Schöneberg's wide boulevards play home to many great outdoor markets, contemporary art galleries and unique shopping opportunities as well as a number of great festivals throughout the year.  It also has a thriving nightlife and along with Kreuzberg is the epicentre of Berlin's Gay scene

Schöneberg has been a centre of Gay and Lesbian life in Berlin since the 1920s during the wild years of the Weimar Republic.  The area was the inspiration for Christopher Isherwood's "Goodbye to Berlin" which later was turned into the hit musical "Cabaret".  Learn more about Berlin's queer history with an Isherwood's Neighbourhood tour.  After the Nazi Party came to power Berlin's Gay scene was driven underground, and many openly gay Berliners were deported to concentration camps.  Nowadays, Schöneberg has regained its place at the top of Berlin's LGTB scene with a bucket load of fantastic gay bars and clubs calling the area home as well as a number of LGTB festivals taking place here.

IMAGE: mw238

Schöneberg started life as a village in the 13th Century and had to wait around 500 years before it was granted town status in 1898.  Many of the villagers became wealthy by selling their land to developers from rapidly expanding Berlin and subsequently built mansions on Hauptstraße (Literally, "main street"). In 1920, the area was incorporated into Greater Berlin and became the hub of decedent Weimar Berlin.

IMAGE: Ingolf

Notable sights

Rathaus Schöneberg (Schöneberg town Hall)

Rathaus Schöneberg (Schöneberg town hall), the site of the U.S. president John F Kennedy's famous "Ich bin ein Berliner" speech, was built in 1914.  After the Second World War, it served as the administrative seat of West Berlin until after Germany's reunification when they returned to the Rotes Rathaus (Red town hall) in Berlin Mitte.  The town hall houses the permanent exhibition "Wir waren Nachbarn" (We were neighbours), which includes 145 biographical albums of Jewish people who lived in Schöneberg's Bayerische Viertel (Bavarian quarter) and gives an insight into life in Berlin before 1933 as well as the gradual steps of deprivation of rights, expulsion, deportation and murder of Berlin Jews under the Nazi regime.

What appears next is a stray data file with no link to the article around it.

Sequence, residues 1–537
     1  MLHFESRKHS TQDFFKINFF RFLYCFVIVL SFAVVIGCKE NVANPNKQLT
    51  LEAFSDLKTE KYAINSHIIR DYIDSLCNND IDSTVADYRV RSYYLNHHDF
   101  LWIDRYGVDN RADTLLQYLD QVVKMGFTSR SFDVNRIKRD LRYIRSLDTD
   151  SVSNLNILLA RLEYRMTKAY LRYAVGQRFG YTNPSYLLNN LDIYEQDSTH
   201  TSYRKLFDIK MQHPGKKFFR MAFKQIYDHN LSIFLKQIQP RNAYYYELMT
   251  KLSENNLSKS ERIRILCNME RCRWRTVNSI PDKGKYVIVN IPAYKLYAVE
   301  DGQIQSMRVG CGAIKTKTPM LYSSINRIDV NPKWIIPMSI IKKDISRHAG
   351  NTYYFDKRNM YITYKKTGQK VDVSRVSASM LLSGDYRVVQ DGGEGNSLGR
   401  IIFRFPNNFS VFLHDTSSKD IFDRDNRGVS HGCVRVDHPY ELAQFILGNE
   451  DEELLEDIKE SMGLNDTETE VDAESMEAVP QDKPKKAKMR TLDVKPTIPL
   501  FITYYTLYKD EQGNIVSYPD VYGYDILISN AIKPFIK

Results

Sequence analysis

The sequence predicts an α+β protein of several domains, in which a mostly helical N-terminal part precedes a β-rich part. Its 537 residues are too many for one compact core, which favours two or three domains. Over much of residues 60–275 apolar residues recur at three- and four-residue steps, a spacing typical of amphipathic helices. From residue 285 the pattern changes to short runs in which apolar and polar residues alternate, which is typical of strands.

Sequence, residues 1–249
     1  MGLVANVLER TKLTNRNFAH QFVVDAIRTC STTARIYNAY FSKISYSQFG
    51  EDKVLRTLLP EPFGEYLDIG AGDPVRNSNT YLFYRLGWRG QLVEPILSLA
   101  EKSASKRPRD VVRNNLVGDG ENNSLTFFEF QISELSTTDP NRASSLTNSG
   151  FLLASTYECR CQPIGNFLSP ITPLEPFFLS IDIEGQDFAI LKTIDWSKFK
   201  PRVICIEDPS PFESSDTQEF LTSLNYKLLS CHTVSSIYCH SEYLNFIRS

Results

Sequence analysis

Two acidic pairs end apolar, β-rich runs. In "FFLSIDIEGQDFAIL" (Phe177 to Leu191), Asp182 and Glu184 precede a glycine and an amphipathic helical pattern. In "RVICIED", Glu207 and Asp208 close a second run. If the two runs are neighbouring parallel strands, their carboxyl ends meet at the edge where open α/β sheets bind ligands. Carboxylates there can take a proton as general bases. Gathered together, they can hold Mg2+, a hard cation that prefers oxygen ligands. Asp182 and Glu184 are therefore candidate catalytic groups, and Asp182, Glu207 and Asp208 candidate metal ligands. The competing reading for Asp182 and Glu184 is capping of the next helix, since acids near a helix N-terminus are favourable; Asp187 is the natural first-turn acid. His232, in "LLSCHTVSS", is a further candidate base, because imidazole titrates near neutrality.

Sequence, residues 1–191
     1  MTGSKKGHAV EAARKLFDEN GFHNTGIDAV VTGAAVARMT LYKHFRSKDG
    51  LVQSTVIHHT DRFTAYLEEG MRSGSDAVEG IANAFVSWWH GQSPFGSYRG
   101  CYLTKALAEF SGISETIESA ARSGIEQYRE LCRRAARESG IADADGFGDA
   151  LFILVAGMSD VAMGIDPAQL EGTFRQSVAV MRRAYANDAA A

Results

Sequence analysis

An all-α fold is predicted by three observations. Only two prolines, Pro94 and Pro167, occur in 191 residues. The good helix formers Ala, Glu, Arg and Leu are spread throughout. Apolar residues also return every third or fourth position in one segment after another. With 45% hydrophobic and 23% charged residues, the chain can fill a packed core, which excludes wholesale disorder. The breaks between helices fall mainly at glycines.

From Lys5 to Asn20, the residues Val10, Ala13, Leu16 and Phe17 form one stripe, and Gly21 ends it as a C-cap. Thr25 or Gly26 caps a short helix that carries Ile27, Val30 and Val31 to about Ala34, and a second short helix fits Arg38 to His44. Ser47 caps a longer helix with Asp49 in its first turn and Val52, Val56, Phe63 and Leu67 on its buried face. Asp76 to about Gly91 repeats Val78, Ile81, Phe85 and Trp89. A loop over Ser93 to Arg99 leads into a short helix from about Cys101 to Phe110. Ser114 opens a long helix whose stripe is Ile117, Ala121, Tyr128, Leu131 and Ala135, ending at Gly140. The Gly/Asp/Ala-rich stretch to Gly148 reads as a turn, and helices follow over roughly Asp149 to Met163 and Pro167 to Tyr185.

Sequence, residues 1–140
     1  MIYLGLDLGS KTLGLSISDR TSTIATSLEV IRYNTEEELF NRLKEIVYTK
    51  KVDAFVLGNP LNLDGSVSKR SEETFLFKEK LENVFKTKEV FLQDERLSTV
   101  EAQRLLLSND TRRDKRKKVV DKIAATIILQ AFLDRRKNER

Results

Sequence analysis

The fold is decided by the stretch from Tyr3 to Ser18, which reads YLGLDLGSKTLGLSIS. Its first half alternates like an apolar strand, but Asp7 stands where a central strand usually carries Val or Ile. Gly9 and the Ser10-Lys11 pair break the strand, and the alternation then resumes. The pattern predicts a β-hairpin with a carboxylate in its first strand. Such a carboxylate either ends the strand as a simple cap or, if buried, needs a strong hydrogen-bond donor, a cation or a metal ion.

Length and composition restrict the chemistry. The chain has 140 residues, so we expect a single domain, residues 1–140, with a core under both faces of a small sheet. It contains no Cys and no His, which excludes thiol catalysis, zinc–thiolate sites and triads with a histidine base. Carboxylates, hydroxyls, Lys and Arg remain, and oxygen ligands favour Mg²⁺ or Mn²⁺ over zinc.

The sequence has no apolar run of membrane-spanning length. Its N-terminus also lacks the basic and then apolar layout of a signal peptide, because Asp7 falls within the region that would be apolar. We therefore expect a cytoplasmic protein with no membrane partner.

IMAGE: Michael Fielitz

KaDeWe - Kaufhaus des Westens (Shopping center of the West),

is an impressive department store located on Wittenbergplatz. It is continental Europe's largest department store, beaten to the number one spot by Harrods of London.  Its 8 floors are stocked with some of the finest brands available and the 6th and 7th floors, dedicated entirely to food, are a definitely worth a visit if you are gastronomically inclined.  The 6th floor, entitled "Delicatessen", will delight the senses with counters serving all manner of delectable treats from beautiful fresh seafood, to charcuterie and cheeses, along with magnificent breads, pastries and cakes to die for!  

IMAGE: onnola

Heinrich von Kleinst Park

Originally designated as a nursery in 1656 it later served as the city's Botanical garden until it was relocated to its current location in Dahlem in 1910.  The park now houses 2 colonades which were moved from Alexanderplatz as well as the Kammergericht court which was built in 1913 and was where the show trials were held following the failed July 20th plot to kill Adolf Hitler.  

Also bordering the park is the Hochbunker Pallasstraße (air raid shelter), a 5 story above ground concrete bunker constructed from 1943 to 1945 with forced labour.  After the war, the U.S. Army attempted to demolish it but no serious damage was done.  It was decided that the level of explosive required would be too risky to surrounding buildings.  In 1977 an apartment building was built around the shelter, and from 1986 to 1989 the shelter was refurbished in case the cold war heated up.  With a capacity of 4809, it is one of the largest shelters in Berlin.